Editor’s note: China’s request to be considered a “market economy” is yet another example of the persistent deceit of the country’s leadership.
The World Trade Organization decided that China didn’t automatically qualify for market-economy status in 2016 as Beijing has asserted, according to two people with knowledge of the case, handing a major victory to the European Union and U.S.
[Bryce Baschuk | April 18, 2019 | Bloomberg]
An interim WTO ruling will allow nations to have more scope to apply duties against low-cost — or “dumped” — Chinese products on a case-by-case basis, the two people said, who asked not to be identified because the decision is private. China could still settle the complaint before the judgment is made public.
The decision deals a significant blow to China, which had argued that its 2001 accession to the WTO required members after 15 years to treat Beijing as a market economy, which would reduce trade partners’ ability to curb goods sold below cost. The European Union, which was the defendant in the case, had previously used a non-market economy methodology when calculating anti-dumping duties, which allowed for higher penalties.
“It is demonstrably clear that China has not completed that transition,” the U.S. said in a third-party filing in the dispute in November 2017. “If China wishes for its producers’ or exporters’ prices or costs to be used in anti-dumping comparisons, China should complete its economic transition and ensure that market economy conditions prevail in its economy.”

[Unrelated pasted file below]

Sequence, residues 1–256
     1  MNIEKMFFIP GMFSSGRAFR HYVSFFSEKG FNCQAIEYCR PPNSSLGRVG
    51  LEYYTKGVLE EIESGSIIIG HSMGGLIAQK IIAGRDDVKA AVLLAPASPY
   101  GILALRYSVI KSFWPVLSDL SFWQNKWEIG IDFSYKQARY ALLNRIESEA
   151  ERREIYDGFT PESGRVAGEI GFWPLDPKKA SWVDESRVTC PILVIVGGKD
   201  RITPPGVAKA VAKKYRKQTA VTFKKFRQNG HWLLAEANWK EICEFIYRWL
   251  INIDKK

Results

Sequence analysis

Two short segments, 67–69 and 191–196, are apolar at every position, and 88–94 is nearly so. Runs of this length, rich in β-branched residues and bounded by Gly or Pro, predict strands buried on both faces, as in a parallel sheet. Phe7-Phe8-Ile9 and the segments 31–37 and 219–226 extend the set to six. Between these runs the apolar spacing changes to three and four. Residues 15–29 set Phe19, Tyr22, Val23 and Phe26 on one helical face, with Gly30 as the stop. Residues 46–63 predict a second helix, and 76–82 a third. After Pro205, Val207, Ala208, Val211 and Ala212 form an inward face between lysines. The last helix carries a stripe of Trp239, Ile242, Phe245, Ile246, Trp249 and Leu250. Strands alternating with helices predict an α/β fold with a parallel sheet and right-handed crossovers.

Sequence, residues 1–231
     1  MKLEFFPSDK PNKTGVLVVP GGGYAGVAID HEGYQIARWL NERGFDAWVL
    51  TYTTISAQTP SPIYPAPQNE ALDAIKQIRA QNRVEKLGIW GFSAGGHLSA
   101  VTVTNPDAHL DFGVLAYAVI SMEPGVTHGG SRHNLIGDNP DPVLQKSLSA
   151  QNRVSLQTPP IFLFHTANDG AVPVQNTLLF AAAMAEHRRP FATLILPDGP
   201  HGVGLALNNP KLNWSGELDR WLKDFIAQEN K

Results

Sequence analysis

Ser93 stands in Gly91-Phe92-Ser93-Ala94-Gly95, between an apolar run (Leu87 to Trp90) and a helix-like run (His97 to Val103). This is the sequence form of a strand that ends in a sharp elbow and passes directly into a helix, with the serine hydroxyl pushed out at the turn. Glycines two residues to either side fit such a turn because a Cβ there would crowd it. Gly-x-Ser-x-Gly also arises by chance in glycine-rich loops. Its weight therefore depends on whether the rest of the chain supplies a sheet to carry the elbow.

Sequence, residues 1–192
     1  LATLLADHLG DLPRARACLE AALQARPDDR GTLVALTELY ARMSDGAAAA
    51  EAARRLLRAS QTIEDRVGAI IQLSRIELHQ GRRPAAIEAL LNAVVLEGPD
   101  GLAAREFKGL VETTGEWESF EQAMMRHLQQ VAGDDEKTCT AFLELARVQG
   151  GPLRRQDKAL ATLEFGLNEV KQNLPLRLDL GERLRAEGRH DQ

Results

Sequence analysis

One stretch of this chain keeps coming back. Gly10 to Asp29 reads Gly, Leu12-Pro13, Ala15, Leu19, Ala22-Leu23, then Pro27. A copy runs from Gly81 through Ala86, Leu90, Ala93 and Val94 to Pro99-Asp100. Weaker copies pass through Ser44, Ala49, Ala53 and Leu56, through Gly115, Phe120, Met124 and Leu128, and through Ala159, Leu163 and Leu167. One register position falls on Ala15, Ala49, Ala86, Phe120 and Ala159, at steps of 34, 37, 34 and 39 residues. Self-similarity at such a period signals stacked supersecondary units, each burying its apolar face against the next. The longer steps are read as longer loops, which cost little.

A WTO spokesman as well as representatives from the EU and Chinese delegations declined to comment.
The ruling has important knock-on effects for the U.S., which is subject to a nearly identical Chinese dispute that U.S. Trade Representative Robert Lighthizer previously called the WTO’s “most serious litigation.”
The case is a key negotiating chip in the ongoing U.S.-China bilateral talks, in which the Trump administration asked Beijing to withdraw its non-market economy disputes against the EU and the U.S. as part of a potential settlement agreement.
The dispute already spurred the EU to overhaul its basic anti-dumping regulation in 2017 in order to eliminate the EU’s previous presumption that exporters from China operate under non-market conditions.
Under the EU’s new anti-dumping regime the bloc permits higher anti-dumping duties on exports from countries where domestic prices are considered to be “significantly distorted” by state interference.
China and other WTO members with large state-run exporters like Russia have criticized the EU’s new methodology because they say it is poorly defined and provides EU regulators broad discretion to impose harsh anti-dumping penalties on foreign companies.
— With assistance by Jonathan Stearns
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